As days of potential riding keep ticking by and the carburetor work drags on, the Concours started to feel like an expensive anchor rather than the wings of freedom. I had a long talk with my wife about it. She asked why I don’t unload it and get something dependable. Keep the old XS1100 for that sense of mechanical satisfaction, but have a bike that’s ready to ride. I think sentiment was paralyzing me. Hearing a rational point of view with some perspective really helped.
|Many moons ago,
a pre-digital Triumph
With cash in an envelope I began looking around. Before Easter we weathered an ice storm, but only two days later it was suddenly in the teens Celsius and bikes could be heard thundering down the road. Meanwhile I was waiting for yet more parts for the Concours. Online I was looking at sensible all purpose bikes that would fit a big guy. Vstroms and Versys (Versi?) came and went, but they felt like a generic (they are quite common) compromise, I wasn’t excited about buying one.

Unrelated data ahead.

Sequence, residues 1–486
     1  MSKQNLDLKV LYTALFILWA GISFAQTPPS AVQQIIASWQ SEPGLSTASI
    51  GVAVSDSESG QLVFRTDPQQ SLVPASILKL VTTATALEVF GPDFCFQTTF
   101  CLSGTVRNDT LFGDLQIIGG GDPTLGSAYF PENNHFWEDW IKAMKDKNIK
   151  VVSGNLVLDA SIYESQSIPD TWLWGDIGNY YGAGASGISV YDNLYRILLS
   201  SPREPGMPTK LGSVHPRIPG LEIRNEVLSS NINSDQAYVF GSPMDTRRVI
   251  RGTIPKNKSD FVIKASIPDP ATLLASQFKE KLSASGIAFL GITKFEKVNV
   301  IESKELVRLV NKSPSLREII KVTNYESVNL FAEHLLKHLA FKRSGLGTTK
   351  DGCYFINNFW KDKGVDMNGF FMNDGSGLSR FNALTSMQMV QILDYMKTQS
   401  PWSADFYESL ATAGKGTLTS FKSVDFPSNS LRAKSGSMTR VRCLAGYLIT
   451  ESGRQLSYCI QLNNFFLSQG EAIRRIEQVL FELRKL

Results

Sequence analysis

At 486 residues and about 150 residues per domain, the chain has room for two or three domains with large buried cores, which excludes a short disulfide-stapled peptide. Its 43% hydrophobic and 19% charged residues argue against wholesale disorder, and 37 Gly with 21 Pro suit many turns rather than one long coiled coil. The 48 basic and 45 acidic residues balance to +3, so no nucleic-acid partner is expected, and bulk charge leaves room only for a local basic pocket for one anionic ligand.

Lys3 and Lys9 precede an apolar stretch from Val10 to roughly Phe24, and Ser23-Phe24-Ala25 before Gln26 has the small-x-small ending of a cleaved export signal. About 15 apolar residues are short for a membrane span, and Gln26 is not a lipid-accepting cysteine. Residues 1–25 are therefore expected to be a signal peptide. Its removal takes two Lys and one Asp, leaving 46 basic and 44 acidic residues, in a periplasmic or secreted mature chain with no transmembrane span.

Since I started riding I’ve been on Triumph Canada’s email list even though I’ve never come close to owning one (out of my league price-wise, no one else I know had one, no local dealer… pick your reason). As a misguided teenager I purchased an utterly useless Triumph Spitfire, and in spite of that misery I’ve always had a soft spot for the brand (your adolescent brain makes your teenage experiences sparkle with emotion even when you’re older, that’s why we all still listen to the music from our teens).
|A Tiger? On Kijiji? Must have
escaped from a zoo!
While trawling around on Kijiji looking at hordes of generic, look-a-like adventure bikes I came across an actual Tiger. It was (as are all Triumphs I’ve mooned over) too expensive for me, but that Lucifer Orange (!) paint haunted me.